Research Article| Volume 41, ISSUE 6, P359-364, November 2002

Biomechanical abnormalities and ulcers of the great toe in patients with diabetes

  • Author Footnotes
    1 Residency Director, Health Partners Institute for Medical Education/Regions Hospital, Chief of Podiatry Service, Department of Surgery, Regions Hospital, St Paul, MN.
    Troy J. Boffeli
    Address correspondence to: Troy J. Boffeli, DPM, Regions Hospital, 640 Jackson St., St. Paul, MN 55101.
    1 Residency Director, Health Partners Institute for Medical Education/Regions Hospital, Chief of Podiatry Service, Department of Surgery, Regions Hospital, St Paul, MN.
    From the Department of Surgery, Regions Hospital, St. Paul, MN.
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  • Author Footnotes
    2 Submitted while a 3rd-year resident.
    Jeffrey K. Bean
    2 Submitted while a 3rd-year resident.
    From the Department of Surgery, Regions Hospital, St. Paul, MN.
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  • James R. Natwick
    From the Department of Surgery, Regions Hospital, St. Paul, MN.
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  • Author Footnotes
    1 Residency Director, Health Partners Institute for Medical Education/Regions Hospital, Chief of Podiatry Service, Department of Surgery, Regions Hospital, St Paul, MN.
    2 Submitted while a 3rd-year resident.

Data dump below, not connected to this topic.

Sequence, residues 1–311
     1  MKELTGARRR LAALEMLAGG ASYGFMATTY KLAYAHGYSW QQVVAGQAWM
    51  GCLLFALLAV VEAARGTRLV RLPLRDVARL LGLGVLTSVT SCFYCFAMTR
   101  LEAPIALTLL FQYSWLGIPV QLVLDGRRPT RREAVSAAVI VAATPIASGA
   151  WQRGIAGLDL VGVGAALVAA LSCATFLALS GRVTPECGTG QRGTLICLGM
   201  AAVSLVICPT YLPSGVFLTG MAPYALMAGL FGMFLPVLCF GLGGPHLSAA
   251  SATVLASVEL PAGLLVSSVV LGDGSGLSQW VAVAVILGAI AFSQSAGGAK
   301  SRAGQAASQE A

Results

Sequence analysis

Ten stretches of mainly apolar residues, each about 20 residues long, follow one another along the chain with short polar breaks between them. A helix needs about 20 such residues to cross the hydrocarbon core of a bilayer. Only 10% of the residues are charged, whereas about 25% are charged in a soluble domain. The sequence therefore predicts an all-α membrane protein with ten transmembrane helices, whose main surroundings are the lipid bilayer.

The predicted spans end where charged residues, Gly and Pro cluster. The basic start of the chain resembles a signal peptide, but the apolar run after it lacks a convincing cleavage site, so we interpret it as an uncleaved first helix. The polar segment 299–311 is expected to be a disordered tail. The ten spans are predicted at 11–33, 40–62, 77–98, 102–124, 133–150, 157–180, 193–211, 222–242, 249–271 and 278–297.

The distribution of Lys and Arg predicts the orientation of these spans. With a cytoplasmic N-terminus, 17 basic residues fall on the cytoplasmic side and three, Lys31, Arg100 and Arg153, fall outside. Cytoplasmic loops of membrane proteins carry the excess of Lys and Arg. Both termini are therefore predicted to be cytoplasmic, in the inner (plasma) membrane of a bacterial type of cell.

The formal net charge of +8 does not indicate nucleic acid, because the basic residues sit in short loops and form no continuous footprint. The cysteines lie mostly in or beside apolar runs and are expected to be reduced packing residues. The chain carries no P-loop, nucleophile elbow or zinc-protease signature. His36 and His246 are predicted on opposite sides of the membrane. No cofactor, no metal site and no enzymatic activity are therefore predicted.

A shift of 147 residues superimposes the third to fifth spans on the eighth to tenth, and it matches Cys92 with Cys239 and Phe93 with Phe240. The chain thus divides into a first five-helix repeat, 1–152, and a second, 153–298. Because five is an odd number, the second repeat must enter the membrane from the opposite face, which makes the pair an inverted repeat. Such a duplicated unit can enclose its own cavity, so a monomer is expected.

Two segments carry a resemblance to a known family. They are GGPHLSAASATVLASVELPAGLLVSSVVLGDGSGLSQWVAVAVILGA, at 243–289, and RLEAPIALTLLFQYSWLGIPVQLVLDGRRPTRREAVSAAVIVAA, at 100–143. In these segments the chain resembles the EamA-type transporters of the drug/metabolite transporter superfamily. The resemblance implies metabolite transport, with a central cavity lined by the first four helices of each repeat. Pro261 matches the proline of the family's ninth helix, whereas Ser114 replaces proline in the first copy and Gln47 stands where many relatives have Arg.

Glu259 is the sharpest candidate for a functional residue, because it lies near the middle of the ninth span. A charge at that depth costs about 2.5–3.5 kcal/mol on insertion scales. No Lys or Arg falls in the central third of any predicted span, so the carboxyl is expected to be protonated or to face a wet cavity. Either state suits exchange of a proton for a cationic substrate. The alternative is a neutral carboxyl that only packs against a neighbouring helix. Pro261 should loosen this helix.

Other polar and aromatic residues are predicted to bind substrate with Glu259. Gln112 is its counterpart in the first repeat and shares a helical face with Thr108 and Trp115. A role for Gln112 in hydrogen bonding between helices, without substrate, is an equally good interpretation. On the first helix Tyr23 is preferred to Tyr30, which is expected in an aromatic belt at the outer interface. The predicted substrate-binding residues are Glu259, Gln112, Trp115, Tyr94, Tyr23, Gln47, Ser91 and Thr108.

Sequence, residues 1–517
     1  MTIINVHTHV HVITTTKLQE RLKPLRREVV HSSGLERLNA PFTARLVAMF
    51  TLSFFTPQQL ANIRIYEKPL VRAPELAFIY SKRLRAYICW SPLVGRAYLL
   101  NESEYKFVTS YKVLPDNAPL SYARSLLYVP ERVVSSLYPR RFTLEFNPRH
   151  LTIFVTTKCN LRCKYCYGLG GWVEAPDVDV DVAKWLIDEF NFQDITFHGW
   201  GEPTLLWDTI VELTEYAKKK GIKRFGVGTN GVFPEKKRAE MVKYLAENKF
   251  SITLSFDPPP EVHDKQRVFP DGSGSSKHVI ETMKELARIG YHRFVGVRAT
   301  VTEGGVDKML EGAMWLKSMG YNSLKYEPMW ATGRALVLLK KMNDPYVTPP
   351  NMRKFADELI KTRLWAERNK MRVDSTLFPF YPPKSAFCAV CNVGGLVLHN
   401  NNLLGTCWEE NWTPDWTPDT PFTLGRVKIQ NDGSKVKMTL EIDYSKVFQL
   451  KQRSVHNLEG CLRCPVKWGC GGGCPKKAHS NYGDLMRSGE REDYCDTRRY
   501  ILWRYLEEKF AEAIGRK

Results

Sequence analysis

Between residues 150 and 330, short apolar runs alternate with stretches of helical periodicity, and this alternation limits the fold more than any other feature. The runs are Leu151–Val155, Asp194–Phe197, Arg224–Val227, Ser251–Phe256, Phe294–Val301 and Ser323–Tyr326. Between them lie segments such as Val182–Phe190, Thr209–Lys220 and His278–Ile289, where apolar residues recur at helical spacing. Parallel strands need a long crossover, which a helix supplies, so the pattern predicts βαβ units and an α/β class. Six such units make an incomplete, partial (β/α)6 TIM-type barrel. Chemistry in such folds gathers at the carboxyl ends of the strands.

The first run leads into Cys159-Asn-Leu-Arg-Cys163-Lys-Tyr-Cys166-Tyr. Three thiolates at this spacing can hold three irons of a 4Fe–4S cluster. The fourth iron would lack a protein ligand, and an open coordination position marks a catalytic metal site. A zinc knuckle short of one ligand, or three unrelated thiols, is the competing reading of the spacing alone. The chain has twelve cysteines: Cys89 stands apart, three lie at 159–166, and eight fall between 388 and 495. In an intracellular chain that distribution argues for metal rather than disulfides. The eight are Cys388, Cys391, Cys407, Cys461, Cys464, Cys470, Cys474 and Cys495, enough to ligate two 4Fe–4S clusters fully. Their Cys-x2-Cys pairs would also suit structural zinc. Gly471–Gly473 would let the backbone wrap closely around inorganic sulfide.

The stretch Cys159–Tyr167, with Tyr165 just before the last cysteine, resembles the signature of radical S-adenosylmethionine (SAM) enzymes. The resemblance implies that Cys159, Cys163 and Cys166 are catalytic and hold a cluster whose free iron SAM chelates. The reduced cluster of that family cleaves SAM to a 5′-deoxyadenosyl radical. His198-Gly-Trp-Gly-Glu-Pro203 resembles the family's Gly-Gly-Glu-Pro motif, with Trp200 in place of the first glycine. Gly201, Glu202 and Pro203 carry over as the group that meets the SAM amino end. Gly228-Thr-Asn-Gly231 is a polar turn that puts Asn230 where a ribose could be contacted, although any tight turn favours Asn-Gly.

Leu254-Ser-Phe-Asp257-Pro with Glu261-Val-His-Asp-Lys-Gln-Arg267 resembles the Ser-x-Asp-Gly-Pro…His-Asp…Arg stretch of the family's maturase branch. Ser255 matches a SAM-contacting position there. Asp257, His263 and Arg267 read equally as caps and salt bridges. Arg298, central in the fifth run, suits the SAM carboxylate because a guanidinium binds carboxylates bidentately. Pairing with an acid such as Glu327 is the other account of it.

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      A prospective analysis was conducted to identify structural and biomechanical first ray abnormalities in consecutive diabetic patients presenting with their first great toe ulcer. Twenty-six patients (33 feet) met the inclusion criteria, with seven patients having bilateral hallux ulcers. There was no other history of ulcer, trauma, or surgery on the respective limb. Data were obtained during the patients' initial presentation with a great toe ulcer and included verbal history, standardized weightbearing radiographs, and standardized objective clinical measurements. Four patients (four feet) with subungual ulcers were included because of mechanical etiology. Twenty-four of the remaining 29 involved limbs exhibited gastrocnemius/soleus equinus and two other limbs had gastrocnemius equinus. Twenty-eight of 29 had structural hallux limitus. Twenty-four had hallux interphalangeal abductus. Twenty of the 33 ulcers were located plantar-medially at the interphalangeal joint area. Other frequent findings were first ray elevatus or dorsi flexion deformity (18 of 29), functional hallux limitus (14 of 29), interphalangeal joint sesamoid bone (13 of 29), hyperextended interphalangeal joint (13 of 29), and a prominent plantar-medial condyle of the proximal aspect of the distal phalanx (7 of 29). Hallux malleus was less common (4 of 29), but consistently associated with plantar-distal tip ulceration. Metatarsus primus adductus was also infrequent (6 of 29). This study identifies and illustrates the importance of several biomechanical and structural factors present on initial presentation of great toe ulcers. Addressing these factors may improve the success of treatment and lessen the occurrence of this common and complex problem.

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